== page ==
But the likely and scientifically credible scenarios are plenty worrisome enough. And to the extent that the media has been pushing doomsday on this, one of my worries is that the press corps has totally shot its credibility in a classic crying wolf exercise all through the ‘80s and ‘90s. The big deal press corps—The New York Times, everybody—has repeatedly demonstratedtotal incomprehension of the relative risks of environmental issues. We’ve heard an awful lot about arsenic in drinking water and electromagnetic emissions from power lines and things that even in the worst case analysis are really marginal threats and affect only very small numbers of people and only very slightly raise risks.
Not that I want to spoil anyone's Valentine's Day, but a new book about the floral industry offers a less than romantic picture of how all those blooms arrive on the doorstep: "Readers of "Flower Confidential" will be surprised and appalled to learn the extent to which something as fleeting and romantic as a rose or a lily has been turned into an industrial widget."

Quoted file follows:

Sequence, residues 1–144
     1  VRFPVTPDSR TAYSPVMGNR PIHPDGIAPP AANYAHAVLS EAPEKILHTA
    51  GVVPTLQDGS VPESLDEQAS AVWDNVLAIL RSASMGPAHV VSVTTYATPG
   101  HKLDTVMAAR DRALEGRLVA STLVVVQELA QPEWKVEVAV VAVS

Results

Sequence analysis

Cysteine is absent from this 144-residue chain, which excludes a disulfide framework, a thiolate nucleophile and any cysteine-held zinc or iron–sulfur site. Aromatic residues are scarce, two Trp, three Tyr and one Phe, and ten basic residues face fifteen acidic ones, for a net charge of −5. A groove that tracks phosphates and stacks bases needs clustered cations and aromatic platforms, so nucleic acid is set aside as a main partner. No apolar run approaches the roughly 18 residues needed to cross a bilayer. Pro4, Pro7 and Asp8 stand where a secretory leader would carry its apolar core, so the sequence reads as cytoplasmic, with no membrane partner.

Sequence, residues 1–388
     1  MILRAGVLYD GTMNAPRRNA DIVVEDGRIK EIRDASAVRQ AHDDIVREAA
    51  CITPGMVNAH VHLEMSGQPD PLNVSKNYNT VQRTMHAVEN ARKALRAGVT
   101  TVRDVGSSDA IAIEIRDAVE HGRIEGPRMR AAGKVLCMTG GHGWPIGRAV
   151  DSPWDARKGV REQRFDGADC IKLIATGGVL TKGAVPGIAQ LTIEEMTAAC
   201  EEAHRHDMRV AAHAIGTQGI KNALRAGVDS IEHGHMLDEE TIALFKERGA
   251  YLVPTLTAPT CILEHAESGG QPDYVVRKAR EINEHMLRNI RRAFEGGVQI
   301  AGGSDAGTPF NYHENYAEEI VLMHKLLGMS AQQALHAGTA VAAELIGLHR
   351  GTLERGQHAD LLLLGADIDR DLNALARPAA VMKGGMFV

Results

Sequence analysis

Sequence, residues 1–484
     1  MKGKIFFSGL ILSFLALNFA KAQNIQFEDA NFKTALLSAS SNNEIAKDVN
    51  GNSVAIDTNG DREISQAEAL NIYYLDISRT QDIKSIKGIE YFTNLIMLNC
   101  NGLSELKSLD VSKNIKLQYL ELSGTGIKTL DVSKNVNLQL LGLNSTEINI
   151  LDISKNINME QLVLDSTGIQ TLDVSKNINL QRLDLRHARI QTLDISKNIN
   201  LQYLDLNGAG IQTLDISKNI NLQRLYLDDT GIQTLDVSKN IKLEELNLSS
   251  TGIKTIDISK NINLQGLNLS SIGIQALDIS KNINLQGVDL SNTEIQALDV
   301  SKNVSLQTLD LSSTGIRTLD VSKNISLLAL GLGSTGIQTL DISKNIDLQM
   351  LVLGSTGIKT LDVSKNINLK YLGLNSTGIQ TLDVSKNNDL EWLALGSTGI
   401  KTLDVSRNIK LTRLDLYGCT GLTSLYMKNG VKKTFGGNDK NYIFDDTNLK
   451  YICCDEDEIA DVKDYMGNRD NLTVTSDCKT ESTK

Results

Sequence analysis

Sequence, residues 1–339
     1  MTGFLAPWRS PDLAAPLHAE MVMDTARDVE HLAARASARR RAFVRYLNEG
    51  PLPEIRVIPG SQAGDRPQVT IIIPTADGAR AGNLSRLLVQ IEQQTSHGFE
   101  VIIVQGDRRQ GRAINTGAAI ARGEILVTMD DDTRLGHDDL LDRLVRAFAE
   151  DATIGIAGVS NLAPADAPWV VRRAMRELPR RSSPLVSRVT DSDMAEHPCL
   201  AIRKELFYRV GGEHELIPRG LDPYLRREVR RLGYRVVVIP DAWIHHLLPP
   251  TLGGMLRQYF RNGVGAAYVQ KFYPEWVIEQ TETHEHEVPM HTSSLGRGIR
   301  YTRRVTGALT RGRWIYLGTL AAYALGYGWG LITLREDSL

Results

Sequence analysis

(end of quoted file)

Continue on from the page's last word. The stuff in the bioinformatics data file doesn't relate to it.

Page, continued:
PS:Slate goes all steamy with an up-market collection of Valentine's Day verse.
PPS: Soppy video moment ahead... Roberta Flack sings The First Time Ever I Saw Your Face over scenes from Jane Eyre. That's what I call a double-whammy.